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Ben Carson's bizarre theory about the pyramids, explained

On Wednesday, BuzzFeed uncovered old footage of Ben Carson making some unusual comments in 1998: He rejected the widely held belief among archaeologists that most of the pyramids were built to serve as tombs for pharaohs, and suggested that biblical figure Joseph built the pyramids to store grain in preparation for a massive famine.

"My own personal theory is that Joseph built the pyramids in order to store grain," he said. "And all the archaeologists think that they were made for the pharaohs' graves. But you know, it would have to be something awfully big, if you stop and think about it. And I don't think it would just disappear over the course of time to store that much grain."

This is totally unsupported by the historical and archaeological evidence. As Carson acknowledges, his belief defies what most archaeologists believe to be the purpose of the pyramids. Despite this, Carson told CBS News on Wednesday that he still believes his idea to be true: "It's still my belief, yes."

But more than just being bizarre, the remarks reveal the depths of Carson's personal faith. And more broadly, the remarks expose the rift between science and the stated beliefs of several top Republicans, even top-polling presidential contenders like Carson.

Carson's theory forces history into a biblical context

Carson made the remarks about pyramids during a 1998 commencement speech at Andrews University, a Michigan school associated with the very conservative Seventh-Day Adventist Church. Carson was addressing a religious audience, and he knew it. (Some of the audience members even shouted, "Amen!" toward the end of his filmed remarks.)

In front of this audience, Carson told a story that would reflect his faith — and that's where the pyramid story comes in. In the Old Testament, Joseph rises to become a top aide to an Egyptian pharaoh after being sold into slavery in Egypt by his jealous brothers. At one point, the pharaoh has a dream vision that Egypt will fall into a great famine, and Joseph advises the pharaoh to store a lot of grain — a move that eventually helps Egyptians survive.

Carson does not read this as a mere allegory about God's grace (since God was willing to provide a vision to save so many people), but instead interprets the story literally. So he believes that this grain had to be stored somewhere, and that the structure would have to be very big and sturdy — certainly strong enough to last to this day. The structures that naturally fit into that view, according to Carson, are the pyramids.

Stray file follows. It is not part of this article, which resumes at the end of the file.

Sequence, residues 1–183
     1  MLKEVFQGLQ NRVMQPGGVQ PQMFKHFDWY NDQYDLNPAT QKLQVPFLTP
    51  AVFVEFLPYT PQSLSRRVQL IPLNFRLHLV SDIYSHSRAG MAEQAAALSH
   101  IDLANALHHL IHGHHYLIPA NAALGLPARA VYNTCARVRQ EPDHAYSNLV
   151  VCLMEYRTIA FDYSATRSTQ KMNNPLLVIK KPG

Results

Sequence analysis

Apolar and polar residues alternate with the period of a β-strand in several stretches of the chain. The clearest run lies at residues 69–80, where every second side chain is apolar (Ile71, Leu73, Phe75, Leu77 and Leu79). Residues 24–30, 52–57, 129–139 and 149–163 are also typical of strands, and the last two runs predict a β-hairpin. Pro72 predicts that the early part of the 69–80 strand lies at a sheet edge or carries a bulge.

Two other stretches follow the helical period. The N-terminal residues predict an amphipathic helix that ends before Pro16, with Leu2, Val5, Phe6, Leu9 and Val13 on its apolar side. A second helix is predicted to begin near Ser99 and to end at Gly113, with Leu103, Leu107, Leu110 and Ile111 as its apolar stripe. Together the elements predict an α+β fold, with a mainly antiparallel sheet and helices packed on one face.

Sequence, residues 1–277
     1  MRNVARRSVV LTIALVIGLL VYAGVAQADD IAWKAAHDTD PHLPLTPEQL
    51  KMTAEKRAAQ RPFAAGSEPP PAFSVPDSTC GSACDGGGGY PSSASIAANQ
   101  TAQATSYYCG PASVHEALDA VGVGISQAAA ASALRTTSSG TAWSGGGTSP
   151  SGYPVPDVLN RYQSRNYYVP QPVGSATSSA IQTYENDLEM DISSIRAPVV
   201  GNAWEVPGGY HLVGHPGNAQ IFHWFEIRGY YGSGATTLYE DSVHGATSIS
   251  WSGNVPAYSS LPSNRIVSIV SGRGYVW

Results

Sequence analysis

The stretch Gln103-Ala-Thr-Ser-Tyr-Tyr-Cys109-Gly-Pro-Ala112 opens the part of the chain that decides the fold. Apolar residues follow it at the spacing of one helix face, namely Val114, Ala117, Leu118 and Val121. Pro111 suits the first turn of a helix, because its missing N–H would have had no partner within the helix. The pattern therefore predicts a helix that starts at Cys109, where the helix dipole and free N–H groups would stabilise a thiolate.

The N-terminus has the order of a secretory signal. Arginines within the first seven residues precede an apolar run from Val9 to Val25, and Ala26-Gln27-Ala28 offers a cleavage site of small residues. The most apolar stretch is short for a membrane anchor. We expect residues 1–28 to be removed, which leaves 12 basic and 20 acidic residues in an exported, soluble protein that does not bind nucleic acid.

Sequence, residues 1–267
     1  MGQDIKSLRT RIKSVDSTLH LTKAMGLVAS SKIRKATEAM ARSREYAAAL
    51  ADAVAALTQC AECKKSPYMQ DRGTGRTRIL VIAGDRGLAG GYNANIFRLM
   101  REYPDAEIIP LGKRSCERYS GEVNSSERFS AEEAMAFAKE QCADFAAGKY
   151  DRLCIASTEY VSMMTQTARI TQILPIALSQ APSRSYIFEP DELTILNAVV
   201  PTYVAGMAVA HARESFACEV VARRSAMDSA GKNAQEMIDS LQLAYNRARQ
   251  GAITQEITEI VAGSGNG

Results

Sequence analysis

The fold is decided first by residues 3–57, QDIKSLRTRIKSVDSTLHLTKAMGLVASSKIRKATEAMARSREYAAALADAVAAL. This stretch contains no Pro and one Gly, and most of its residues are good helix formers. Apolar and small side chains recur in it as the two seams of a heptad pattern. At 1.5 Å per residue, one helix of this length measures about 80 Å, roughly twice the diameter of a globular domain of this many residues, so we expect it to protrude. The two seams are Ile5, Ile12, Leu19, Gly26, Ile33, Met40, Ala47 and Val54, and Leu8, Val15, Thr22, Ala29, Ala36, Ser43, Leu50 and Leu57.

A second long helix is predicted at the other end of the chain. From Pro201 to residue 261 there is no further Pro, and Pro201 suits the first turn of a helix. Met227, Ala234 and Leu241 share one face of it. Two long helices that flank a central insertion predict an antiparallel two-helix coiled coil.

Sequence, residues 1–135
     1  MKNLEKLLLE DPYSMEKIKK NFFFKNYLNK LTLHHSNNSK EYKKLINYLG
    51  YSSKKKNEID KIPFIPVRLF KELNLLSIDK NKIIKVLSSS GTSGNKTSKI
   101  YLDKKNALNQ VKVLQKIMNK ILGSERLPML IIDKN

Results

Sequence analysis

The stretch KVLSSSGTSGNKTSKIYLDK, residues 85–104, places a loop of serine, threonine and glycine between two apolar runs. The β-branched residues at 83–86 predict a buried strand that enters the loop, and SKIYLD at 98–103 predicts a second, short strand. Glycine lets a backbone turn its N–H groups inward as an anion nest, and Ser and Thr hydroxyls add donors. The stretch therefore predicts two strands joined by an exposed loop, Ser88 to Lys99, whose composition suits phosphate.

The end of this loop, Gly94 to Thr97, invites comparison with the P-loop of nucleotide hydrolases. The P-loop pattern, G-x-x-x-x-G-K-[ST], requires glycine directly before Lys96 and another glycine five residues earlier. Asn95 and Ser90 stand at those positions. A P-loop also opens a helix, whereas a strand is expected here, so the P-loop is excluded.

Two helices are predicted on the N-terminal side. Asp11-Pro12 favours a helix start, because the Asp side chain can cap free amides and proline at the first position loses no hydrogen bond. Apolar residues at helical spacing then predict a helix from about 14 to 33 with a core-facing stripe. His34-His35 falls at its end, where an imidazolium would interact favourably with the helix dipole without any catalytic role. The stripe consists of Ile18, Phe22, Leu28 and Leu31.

Carson also argued that the advanced engineering the pyramids required can be explained by divine intervention. "And various of scientists have said, 'Well, you know there were alien beings that came down and they have special knowledge and that's how' — you know, it doesn't require an alien being when God is with you." (For the record, scientists do not believe that aliens taught the Egyptians how to build the pyramids.)

Carson defended his views on the pyramids to reporters on Wednesday, stating, "The pyramids were made in a way that they had hermetically sealed compartments. You wouldn't need hermetically sealed compartments for a sepulcher. You would need that if you were trying to preserve grain for a long period of time."

To someone else, these remarks can seem very bizarre. Although some medieval chroniclers suggested the pyramids were Joseph's granaries, it's now widely believed — not just among archaeologists, but also the general public — that most of the pyramids were built specifically as tombs for pharaohs. And John Darnell, professor of Egyptology at Yale University, told BuzzFeed that the story of Joseph is supposedly set in the time of Egypt's Middle Kingdom, five centuries after the pyramids of Giza were built.

But to Carson, they signify his profound belief in the Bible — a faith so strong that he's willing to disregard what historians and scientists say.

The comments reflect Carson's strong religious beliefs

Carson, himself a member of the Seventh-Day Adventist Church, is a creationist, so he rejects evolution and the Big Bang entirely.